We’re into the Christmas retail season – and the annual accusations of a “war against Christmas” have begun. A cynical person might find all of this “war on Christmas” hype to be a sure-fire fundraiser for some right wing Christian groups. A cynical person might find this to be a way for Bill O’Reilly and Faux News to get their names up in lights, and liven up the ratings. Cynical or not, the “war on Christmas” like many wars (war on terror, war on drugs) is a manipulation. Follow it through to a logical conclusion – if he evil anti-Christmas forces win, what happens? No more Christmas? HA! The retailers of the world would never stand for it!
In NH we see no signs of this alleged war. The world’s ugliest nativity scene, featuring the world’s whitest baby Jesus will still go up in front of the State House in Concord. Last week Berlin’s annual Christmas parade featured a float with potential gifts and their costs on the front , and a nativity scene bearing the sign “priceless” in the rear of the float; clearly a take-off on the popular credit card ad. The parade’s theme was “Christmas, through the eyes of a child.” It was not “holidays through the eyes of a child.” Apparently they haven’t heard about the “war” on Christmas up in Berlin.
In fact, “Merry Christmas” is the most common greeting one hears from store clerks. It doesn’t seem to be offending anyone – heck, most of us are happy to be greeted politely in a retail setting!
In an effort to continue to fuel the phony war, Bill O’Reilly recently had a good rant on his show about Crate and Barrel stores, where he quoted a spokesperson for the chain, who allegedly said, “We would definitely not say Merry Christmas.” He claimed to have confirmed the quote, and went into lather about how chanting Muslims wouldn’t get handcuffed in Crate and Barrel. In the real world, where oxygen is flowing to the brain, the Crate and Barrel spokesperson was actually saying that C&B has no policy either encouraging or discouraging employees from saying, “Merry Christmas.” Nice job of confirmation, there, Bill. So – what is in it for O’Reilly – why is he perpetuating this nonsense? A simple visit to his website will show you what he holds dear to his heart – HIS WALLET. The Christmas Store section of his site features a number of products for sale, including hats, tee shirts, coffee mugs, doormats, outerwear, and golf balls with the logo “Culture Warrior.” For a mere $54.95, you, too, can purchase one of these sweatshirts. The “Culture Warrior” varsity jacket is a steal at only $159. 95. Gee whiz, a cynical person might get to thinking that he’s perpetuating this nonsense because it lines his pockets. O’Reilly – a crass opportunist? Oh, say it ain’t so.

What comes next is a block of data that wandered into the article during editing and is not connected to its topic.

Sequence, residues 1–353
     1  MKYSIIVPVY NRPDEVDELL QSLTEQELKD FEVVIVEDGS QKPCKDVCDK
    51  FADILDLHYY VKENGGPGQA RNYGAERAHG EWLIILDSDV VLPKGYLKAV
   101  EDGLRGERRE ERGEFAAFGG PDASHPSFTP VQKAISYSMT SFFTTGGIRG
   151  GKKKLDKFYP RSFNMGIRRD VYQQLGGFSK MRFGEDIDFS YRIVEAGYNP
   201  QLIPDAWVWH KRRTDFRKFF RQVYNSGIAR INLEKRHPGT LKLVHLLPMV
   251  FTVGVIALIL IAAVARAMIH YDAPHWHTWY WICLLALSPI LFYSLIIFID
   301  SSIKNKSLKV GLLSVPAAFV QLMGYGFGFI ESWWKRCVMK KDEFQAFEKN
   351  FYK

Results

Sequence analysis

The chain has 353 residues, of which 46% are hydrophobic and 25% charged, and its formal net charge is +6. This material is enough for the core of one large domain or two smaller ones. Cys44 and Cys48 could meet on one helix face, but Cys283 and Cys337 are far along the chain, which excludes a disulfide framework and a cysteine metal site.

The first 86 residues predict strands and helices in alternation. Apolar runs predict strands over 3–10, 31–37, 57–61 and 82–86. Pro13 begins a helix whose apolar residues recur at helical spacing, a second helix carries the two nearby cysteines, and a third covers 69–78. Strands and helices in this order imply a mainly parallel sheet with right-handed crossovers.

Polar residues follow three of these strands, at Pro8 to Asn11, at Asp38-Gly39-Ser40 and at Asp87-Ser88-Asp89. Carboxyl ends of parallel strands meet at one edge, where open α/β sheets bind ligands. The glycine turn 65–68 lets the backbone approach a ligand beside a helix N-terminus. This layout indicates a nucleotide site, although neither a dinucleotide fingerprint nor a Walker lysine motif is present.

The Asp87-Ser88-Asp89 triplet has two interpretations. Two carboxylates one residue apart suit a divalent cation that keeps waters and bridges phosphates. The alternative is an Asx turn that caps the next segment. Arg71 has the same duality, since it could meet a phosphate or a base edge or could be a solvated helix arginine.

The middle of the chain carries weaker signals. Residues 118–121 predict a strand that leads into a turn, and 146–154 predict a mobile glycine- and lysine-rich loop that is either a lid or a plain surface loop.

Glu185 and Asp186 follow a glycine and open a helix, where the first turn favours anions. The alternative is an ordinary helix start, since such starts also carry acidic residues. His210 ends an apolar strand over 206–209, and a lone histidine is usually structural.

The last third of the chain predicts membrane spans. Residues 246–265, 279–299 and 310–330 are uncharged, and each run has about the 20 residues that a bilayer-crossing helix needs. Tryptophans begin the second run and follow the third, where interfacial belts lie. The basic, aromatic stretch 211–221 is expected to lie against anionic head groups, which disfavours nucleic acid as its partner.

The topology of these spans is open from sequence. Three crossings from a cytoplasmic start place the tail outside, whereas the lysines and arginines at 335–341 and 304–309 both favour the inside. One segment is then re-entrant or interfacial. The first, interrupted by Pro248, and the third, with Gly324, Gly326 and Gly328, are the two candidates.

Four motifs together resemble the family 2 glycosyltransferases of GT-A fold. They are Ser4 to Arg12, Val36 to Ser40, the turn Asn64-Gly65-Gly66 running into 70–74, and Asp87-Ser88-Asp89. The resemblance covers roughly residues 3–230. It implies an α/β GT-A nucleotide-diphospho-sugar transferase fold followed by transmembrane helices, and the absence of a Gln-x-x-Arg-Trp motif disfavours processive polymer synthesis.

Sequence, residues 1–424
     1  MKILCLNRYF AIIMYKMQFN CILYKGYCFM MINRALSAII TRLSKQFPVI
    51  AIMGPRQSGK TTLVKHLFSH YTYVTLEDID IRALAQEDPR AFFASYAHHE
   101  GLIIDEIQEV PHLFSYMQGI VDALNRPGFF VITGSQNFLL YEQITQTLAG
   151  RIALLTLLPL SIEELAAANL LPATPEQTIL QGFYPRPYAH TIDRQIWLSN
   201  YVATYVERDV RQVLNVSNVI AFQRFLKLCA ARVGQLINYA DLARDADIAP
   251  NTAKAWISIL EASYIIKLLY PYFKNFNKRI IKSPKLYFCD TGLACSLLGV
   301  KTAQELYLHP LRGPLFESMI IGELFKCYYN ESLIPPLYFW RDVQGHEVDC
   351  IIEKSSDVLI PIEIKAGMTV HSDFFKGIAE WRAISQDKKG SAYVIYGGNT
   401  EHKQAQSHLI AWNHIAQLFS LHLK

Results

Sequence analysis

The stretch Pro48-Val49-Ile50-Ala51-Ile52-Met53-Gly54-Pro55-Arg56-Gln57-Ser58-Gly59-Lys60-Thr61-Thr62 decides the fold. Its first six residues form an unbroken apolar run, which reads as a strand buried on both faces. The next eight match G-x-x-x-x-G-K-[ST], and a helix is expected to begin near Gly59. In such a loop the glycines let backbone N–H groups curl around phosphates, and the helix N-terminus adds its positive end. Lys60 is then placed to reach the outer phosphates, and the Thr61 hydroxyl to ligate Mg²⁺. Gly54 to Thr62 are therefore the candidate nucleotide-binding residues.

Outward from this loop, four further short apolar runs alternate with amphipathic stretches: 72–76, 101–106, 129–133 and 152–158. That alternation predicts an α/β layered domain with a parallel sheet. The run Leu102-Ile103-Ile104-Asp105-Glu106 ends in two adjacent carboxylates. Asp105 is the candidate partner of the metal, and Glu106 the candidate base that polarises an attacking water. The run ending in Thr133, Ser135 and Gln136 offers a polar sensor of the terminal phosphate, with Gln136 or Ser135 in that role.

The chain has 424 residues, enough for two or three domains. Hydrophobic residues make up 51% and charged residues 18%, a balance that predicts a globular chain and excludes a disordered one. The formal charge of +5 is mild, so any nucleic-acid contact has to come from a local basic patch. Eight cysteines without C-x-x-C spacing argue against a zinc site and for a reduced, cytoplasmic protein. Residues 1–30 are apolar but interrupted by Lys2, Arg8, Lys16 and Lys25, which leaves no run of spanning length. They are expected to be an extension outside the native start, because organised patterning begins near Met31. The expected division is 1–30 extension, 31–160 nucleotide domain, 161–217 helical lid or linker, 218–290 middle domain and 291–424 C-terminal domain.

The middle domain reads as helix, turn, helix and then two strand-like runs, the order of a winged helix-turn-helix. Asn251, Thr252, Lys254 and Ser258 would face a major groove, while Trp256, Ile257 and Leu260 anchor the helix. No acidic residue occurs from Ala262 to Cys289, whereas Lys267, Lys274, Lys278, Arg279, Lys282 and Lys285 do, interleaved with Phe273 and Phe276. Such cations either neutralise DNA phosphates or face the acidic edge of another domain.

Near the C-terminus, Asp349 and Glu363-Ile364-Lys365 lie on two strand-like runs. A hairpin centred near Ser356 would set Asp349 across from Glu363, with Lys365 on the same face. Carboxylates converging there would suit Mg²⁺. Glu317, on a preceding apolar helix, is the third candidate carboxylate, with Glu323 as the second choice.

The site mymerrychristmas.com is all about the joys of Christmas, with religion and commerce represented interchangeably. The American Family Association (a right wing Christian group) asked Wal-Mart not to ban the use of “Christmas” in their advertising and promotions. Apparently Sam’s Club (a Wal-Mart subsidiary) wasn’t using the word Christmas often enough to suit the AFA in their advertising. Wal-Mart apparently ignored the letter. Despite this misbehavior on Wal-Mart’s part, I am assured by shoppers that Wal-Mart is crammed with Christmas materials, including plenty of baby Jesus.
This is enough to cause some head scratching, when one gets to seriously pondering. Why are the evangelicals so intent on linking a religious holiday to retail and commerce? One might think they’d want to distance themselves, and their religious celebration from crass commercialism. Shouldn’t the birth of the Christ child be a matter for celebrating in one’s house of worship? Why would they want to link it to whipping out a credit card? Instead, it seems that these evangelicals are trying to blur the lines between religion and retail; a line that most of us realize was crossed some decades ago. They just don’t want to admit it. The use of the inclusive term “holiday” is really all about cleaning out the wallets of practitioners of all religions.
The only evidence I’ve found of a real war, is a story from Colorado . A homeowners association is threatening to fine a woman who has a Christmas wreath in the shape of a peace sign on her house. Some of the residents in this subdivision complained about the wreath, calling it a symbol of Satan. Lisa Jensen, of Pagosa Springs, CO, has refused to remove the wreath, saying that she will not be bullied. Apparently the residents who have complained have children serving in Iraq. These people seem to be playing right into the war on Christmas – after all, isn’t Christmas supposed to be about the birth of Christ? Isn’t he often referred to as “the prince of peace”? If that is the case, how then, can a peace wreath be a symbol of Satan?
I wish you joy and common sense in this holiday season.
“Next to a circus, there ain’t nothing that packs up and tears out faster than the Christmas spirit.” Kin Hubbard
Thursday, November 30, 2006
The Annual War on Christmas
Posted by susanthe at 12:47 PM